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Bumbling Prasa Is Asking Its Employees About Their Disciplinary Cases

Prasa hasn't kept proper records about disciplinary procedures. Now it's asking its own employees to come forward and tell it what's going down.

19/12/2016 11:49 SAST | Updated 19/12/2016 15:05 SAST
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Parliament wants to know from Prasa what the status of disciplinary cases against its employees is but Prasa doesn't have any figures.

Parliament wants to know how many of the Passenger Rail Agency of South Africa's (Prasa) employees have been involved in disciplinary cases over the past five years - but iot doesn't have figures available.

Now Prasa has asked its employees to volunteer details of any and all disciplinary cases or hearings they were part of because of its inadequately kept records. The deadline is today.

Prasa's communications department states in an internal letter: "We have been asked by the portfolio committee of transport to give the status of disciplinary cases, we are however struggling to complete and submit the information due to substantial information begin missing from the files."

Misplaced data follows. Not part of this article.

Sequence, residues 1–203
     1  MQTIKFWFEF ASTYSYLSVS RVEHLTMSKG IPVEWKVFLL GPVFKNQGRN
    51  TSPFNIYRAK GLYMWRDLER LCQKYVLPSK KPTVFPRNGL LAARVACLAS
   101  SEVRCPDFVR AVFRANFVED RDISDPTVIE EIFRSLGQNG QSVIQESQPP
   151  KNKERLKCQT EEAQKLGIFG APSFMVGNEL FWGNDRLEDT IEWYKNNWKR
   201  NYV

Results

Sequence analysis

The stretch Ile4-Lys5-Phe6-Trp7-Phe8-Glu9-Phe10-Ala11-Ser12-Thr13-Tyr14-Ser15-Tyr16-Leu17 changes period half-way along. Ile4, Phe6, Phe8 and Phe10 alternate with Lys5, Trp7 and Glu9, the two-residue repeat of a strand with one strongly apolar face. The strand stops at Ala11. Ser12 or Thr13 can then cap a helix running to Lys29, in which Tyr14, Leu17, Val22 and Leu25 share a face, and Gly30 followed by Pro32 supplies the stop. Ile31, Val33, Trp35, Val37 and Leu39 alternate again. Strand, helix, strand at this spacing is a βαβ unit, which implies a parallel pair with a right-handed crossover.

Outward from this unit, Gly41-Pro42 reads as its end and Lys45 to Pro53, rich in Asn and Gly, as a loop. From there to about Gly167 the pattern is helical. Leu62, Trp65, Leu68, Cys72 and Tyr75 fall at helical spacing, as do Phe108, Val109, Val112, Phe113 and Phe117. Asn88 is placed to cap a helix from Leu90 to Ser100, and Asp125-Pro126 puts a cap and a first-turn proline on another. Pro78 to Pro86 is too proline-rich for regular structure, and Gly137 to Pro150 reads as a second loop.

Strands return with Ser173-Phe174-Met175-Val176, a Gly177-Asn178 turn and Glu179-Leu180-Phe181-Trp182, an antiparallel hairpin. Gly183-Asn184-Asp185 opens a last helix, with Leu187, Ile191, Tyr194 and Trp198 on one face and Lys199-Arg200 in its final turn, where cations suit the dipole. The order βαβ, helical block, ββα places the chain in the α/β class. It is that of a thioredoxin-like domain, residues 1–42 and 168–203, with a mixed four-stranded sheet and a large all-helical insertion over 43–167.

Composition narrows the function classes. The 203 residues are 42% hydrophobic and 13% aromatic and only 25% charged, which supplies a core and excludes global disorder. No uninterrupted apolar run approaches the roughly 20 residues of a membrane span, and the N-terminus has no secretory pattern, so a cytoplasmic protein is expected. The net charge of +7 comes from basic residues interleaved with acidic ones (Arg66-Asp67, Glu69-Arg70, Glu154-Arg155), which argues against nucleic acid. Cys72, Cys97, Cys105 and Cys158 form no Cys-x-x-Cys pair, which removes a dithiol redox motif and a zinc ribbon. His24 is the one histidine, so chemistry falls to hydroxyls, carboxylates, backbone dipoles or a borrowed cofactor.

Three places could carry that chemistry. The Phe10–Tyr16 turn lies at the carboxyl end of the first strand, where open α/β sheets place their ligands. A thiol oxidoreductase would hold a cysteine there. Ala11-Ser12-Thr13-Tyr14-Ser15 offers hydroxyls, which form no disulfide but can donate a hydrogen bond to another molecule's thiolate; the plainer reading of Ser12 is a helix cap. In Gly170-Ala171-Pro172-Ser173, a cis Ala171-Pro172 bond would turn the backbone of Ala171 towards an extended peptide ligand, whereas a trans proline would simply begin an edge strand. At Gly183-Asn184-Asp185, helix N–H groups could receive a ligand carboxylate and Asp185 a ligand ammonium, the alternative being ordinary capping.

The department goes on to ask all employees to "declare" and "give a full account of any and all" charges levelled against them over the past five years. "Please cover the following: what charges were levelled against you? Whether any disciplinary hearings were held? Status of the matter and what was the outcome?"

The organisation wants a "comprehensive submission" with supporting documents.

Chris Hunsinger, deputy spokesperson on transport for the Democratic Alliance (DA), says this again shows the extent to which Prasa has been mismanaged. "It is clear it is an organisation where structures aren't in place and processes not working. We always thought the biggest problems are with procurement, but it is increasingly clear human resources is a major issue. For example,Prasa has six chief financial officers!"

The auditor-general (AG) has given Prasa an unqualified audit for the 2015/'16 financial year, even though it racked up more than R13 billion in fruitless and wasteful expenditure. There are also 40 criminal investigations being conducted due to alleged criminal activities and mismanagement.

The AG found that internal procedures were often not followed and that various departments simply didn't keep records.